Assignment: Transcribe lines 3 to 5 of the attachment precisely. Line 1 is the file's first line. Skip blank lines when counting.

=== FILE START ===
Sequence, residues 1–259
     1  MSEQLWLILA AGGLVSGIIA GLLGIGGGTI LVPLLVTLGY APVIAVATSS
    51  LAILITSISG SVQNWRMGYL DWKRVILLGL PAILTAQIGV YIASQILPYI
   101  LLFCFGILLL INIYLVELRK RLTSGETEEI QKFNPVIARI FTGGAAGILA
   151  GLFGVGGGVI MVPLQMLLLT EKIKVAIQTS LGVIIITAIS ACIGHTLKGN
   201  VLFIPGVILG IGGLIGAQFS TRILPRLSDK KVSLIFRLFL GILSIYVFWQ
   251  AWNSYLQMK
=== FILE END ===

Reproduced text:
    51  LAILITSISG SVQNWRMGYL DWKRVILLGL PAILTAQIGV YIASQILPYI
   101  LLFCFGILLL INIYLVELRK RLTSGETEEI QKFNPVIARI FTGGAAGILA
   151  GLFGVGGGVI MVPLQMLLLT EKIKVAIQTS LGVIIITAIS ACIGHTLKGN